Parents' Class --> Work Opportunities (2nd Anon 1st-year student)

posted Jun 1, 2017, 6:56 AM by Daniel Laurison

            Individuals who end up rich champion the narrative that it was their hard work that landed them in their position. After all, “[they] worked hard, [they] didn’t have all the advantages…had to pay [their] way through college;” but working hard usually isn’t enough. Professor Laurison’s dentist, whose father is also a dentist at the firm he works at, argues that his own hard work alone resulted in his prestigious and well-paying job. However, data (Chetty et al) shows that most people do end up in the class they were born in, and data* shows that people with careers in medicine and law are most likely to have children also in medicine or law. Clearly, parents’ occupation is significant in determining someone’s ultimate position.  

            Parents’ position is super influential in passing along cultural capital, or soft skills that help one in all sorts of ways. Annette Lareau explains in her book Unequal Childhoods that middle class parents teach their children skills on how to navigate institutions that could give them future success by teaching them vocabulary they will need to negotiate a raise or apply for college grants. Middle class parents have leisure time to take them to sports games, debate team, and other extracurricular activities that teach not just life skills that will help them in the job market in the future, but build relationships with middle class peers that could be helpful in their future for upward mobility. Working class parents, Lareau argues, teach their children valuable skills, but often the skills that they do teach are “out of synch with the standards of institutions” (Kindle Locations 250). Working class children are less likely to be enrolled in expensive organized activities, and their parents are less likely to be dentists, lawyers, or bankers that could teach them the skills to navigate those worlds.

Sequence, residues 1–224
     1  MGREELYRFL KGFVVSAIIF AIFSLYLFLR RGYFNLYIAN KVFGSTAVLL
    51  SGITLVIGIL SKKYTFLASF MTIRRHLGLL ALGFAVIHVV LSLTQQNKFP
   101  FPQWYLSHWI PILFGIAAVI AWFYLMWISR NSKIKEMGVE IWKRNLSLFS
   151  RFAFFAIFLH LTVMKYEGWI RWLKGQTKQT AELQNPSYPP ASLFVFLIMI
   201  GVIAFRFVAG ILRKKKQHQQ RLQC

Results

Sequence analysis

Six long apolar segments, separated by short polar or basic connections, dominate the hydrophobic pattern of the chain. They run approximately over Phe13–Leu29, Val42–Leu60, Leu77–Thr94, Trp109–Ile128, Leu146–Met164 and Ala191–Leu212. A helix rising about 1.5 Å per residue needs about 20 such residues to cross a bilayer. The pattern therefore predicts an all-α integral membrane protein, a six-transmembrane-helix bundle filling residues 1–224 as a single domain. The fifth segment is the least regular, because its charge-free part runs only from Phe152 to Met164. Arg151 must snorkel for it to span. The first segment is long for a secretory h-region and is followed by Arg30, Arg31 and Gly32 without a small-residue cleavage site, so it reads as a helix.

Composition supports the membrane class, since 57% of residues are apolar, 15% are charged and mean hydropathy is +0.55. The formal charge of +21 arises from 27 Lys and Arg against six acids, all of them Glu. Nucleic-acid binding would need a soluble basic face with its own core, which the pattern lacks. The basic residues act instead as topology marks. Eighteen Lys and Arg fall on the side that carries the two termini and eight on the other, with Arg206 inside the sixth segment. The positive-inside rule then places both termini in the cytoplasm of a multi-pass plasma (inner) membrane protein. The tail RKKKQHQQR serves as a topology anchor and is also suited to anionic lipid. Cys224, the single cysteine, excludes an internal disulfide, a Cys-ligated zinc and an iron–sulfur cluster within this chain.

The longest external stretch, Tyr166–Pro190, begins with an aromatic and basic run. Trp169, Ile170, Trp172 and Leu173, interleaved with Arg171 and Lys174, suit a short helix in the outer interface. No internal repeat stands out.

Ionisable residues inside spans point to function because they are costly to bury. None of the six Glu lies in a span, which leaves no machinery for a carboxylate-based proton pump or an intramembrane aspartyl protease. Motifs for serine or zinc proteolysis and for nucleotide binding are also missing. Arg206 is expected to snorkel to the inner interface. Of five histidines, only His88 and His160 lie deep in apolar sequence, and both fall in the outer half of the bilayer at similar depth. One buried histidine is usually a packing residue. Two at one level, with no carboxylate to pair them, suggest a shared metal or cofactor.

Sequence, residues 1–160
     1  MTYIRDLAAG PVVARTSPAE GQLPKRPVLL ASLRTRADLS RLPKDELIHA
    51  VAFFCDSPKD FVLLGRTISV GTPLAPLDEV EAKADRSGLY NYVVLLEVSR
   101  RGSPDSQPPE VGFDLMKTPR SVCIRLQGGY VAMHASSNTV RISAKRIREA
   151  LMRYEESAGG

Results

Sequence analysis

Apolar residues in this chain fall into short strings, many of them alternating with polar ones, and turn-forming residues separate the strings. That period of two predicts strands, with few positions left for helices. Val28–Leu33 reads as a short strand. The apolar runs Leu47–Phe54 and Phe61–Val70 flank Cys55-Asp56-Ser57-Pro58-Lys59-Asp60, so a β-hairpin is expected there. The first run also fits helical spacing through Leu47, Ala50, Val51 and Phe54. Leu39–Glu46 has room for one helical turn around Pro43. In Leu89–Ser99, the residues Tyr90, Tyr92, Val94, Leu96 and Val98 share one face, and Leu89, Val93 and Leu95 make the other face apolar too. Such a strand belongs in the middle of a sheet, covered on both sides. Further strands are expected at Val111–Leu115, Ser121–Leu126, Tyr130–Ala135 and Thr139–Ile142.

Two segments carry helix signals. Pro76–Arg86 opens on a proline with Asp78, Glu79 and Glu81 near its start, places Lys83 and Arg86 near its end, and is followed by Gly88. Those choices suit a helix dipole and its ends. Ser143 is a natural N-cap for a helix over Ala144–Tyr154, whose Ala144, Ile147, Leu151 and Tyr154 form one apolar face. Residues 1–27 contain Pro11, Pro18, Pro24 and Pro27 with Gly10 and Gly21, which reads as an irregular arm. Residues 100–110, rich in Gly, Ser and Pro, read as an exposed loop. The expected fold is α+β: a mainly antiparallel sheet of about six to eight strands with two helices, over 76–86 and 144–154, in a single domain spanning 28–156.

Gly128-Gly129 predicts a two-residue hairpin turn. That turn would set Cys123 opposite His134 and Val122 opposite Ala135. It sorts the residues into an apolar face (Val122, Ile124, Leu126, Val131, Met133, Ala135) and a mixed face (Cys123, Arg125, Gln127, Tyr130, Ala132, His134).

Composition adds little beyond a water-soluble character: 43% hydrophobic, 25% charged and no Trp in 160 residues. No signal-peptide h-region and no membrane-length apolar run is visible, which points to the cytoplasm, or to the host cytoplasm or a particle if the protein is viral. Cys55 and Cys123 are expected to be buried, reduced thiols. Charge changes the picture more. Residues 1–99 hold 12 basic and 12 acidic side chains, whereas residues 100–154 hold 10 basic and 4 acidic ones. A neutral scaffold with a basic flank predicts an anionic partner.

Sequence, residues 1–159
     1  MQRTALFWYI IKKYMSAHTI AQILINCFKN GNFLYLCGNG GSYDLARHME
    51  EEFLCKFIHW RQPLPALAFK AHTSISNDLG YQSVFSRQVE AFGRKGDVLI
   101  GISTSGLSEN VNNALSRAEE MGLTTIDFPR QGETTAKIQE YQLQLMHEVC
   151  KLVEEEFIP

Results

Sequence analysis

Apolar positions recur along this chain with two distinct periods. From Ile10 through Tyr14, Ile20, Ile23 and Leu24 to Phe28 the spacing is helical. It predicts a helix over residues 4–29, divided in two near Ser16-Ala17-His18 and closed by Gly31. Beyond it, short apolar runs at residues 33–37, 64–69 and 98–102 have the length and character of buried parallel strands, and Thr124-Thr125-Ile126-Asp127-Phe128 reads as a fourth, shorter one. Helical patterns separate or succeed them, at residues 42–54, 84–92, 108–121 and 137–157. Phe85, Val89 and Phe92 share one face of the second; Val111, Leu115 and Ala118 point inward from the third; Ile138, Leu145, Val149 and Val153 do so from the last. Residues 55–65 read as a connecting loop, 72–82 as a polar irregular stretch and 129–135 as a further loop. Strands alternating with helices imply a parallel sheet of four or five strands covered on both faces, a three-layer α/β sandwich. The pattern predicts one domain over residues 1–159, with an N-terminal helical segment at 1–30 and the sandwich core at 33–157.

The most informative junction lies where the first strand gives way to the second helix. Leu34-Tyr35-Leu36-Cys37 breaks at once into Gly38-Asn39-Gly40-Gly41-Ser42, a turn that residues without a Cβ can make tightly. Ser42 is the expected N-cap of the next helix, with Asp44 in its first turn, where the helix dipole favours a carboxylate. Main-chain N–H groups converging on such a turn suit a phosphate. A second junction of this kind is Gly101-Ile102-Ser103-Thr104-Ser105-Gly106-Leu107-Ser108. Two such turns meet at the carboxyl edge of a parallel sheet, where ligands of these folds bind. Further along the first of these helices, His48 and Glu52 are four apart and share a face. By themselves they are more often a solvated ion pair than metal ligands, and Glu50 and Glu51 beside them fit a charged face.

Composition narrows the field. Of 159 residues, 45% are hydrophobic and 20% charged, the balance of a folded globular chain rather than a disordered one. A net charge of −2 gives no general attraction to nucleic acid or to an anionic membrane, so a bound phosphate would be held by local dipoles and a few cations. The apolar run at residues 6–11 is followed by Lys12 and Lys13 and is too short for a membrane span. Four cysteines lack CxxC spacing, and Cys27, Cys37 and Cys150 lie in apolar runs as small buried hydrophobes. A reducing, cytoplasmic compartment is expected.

One way this manifests concretely is in the job interviewing process. Lauren Rivera’s book Pedigree shows that, when employers at jobs such as consulting, banking, and law—the kinds of jobs that could pay off student debt promptly—hire new applicants, they look for the kinds of skills that one would have learned in elite environments. When they hire from places like elite college campuses, they know all the students are intelligent because they were accepted to and graduated from an elite school. So, they hire people that have had similar experiences to them, and who they want to spend time with. Applicants are therefore evaluated not on their hard work, but rather on their connections and mutual friends, the leisure activities they grew up doing (family vacations in Europe or lacrosse camp), and the soft skills of charm and grace that they would have picked up in middle class family environments. These presuppose privilege, not hard work, so while one does have to work hard to get a job that pays well, hard work is insufficient.

*this comes from the slides in class. I took notes on this but I don’t know the source

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